Chris Froome had a bad day during Stage 5 of the Tour du Rwanda last week. Not one flat, but two. Then he crashed into the back of a team car. None of which is ideal when you’re in a solo breakaway for the stage win.

After the dust had settled, Froome wasted no time using social media to creatively vent his feelings by posting a (humorous?) reel on his Instagram feed showing what appears to be a couple of painfully slow wheel changes by race mechanics.

Froome makes no mystery of what he blames for the lengthy swaps: disc brakes. “Rim brakes > Disc brakes 🫠🫠🫠,” he wrote in the caption.

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Were the wheel changes really that slow?

As a former pro mechanic who held a USA Cycling Race Mechanics license for a while, I can tell you from first hand experience that the mechanics at the WorldTour level are the equivalent of Formula 1 mechanics. At this level, a “fast wheel change” is quantified in seconds, and a wheel change that takes less than twenty seconds—from start to finish—is considered pretty quick.

Froome’s experience in the Tour du Rwanda illustrates the impact even a few additional seconds can have on an athlete’s performance and results. Disc brakes, for a variety of reasons, can be a factor that adds precious seconds to the time a rider is stuck on the side of the road. In Froome’s case, he seems to believe that the race mechs were part of what cost him the stage, according to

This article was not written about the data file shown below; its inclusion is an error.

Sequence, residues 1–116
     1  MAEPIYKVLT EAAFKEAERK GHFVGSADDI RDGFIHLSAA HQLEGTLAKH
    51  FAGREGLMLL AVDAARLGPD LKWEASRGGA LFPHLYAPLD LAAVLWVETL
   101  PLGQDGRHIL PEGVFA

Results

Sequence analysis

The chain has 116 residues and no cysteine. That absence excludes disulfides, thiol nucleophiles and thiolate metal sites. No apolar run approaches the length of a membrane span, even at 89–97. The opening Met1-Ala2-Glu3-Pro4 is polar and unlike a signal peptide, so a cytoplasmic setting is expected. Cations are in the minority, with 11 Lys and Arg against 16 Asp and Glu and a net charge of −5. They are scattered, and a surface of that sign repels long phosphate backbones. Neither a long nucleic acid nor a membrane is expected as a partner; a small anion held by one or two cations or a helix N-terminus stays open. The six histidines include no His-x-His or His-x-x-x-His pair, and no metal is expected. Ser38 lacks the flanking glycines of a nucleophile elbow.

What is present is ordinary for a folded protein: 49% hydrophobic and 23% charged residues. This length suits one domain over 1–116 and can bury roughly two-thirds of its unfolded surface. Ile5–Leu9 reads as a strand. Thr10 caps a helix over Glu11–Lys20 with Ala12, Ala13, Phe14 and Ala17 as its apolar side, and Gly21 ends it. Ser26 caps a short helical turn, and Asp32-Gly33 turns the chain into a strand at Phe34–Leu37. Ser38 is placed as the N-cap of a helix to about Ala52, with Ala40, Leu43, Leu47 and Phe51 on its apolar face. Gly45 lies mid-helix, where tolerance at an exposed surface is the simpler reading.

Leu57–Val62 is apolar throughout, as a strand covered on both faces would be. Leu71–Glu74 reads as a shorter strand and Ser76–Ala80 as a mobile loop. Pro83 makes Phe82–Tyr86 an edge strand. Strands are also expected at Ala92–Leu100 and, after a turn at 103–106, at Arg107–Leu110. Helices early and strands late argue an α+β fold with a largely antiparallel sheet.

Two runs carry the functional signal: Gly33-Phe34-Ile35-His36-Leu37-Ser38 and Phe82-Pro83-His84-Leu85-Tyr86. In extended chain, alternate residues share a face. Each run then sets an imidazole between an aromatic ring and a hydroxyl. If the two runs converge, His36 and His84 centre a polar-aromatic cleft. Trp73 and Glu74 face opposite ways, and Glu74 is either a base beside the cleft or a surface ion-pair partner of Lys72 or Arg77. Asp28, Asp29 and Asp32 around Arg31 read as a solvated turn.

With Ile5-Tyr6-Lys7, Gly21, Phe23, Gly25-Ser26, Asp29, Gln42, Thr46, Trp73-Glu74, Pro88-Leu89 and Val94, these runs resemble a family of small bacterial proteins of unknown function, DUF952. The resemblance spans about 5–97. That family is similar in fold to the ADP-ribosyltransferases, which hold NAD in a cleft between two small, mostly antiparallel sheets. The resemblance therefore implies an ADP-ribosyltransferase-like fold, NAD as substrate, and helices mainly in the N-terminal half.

“I got a front wheel puncture and I didn’t have a team car behind me as they had already pulled the team car out,” after the stage. “I managed to get another wheel from neutral service but it wasn’t really compatible with the bike so I had to stop again and change it with my team car. Then the peloton caught me and surged over the top of the climb and that’s where the lights went out for me.”

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This is the moment we see at the end of the video—the peloton surging over the top of the hill like a single, angry organism, and we can’t help but feel for Froome as it happens, standing on the side of the road, helplessly staring down at the mechanic.

The uptempo of the EDM beat Froome paired with his video makes it seem like he’s at least trying having a sense of humor about it.

Headshot of Natascha Grief
Natascha Grief

Natascha Grief got her first bike shop job before she was old enough to drink. After a six-year stint as a mechanic, earning a couple pro-mechanic certifications and her USA Cycling Race Mechanics license, she became obsessed with framebuilding and decided she wanted to do that next.  After Albert Eistentraut literally shooed her off his doorstep, admonishing that if she pursued framebuilding she will be poor forever, she landed an apprenticeship with framebuilder Brent Steelman in her hometown of Redwood City, CA. After that, she spent several years working for both large and not-so-large cycling brands. Somewhere in there she also became a certified bike fitter. Natascha then became a certified personal trainer and spent nine years honing her skills as a trainer and coach, while also teaching Spin. During the dumpster fire that was the year 2020, she opened a fitness studio and began contributing regularly to Runner’s World and Bicycling as a freelance writer. In 2022, she joined the staff of Bicycling as News Editor.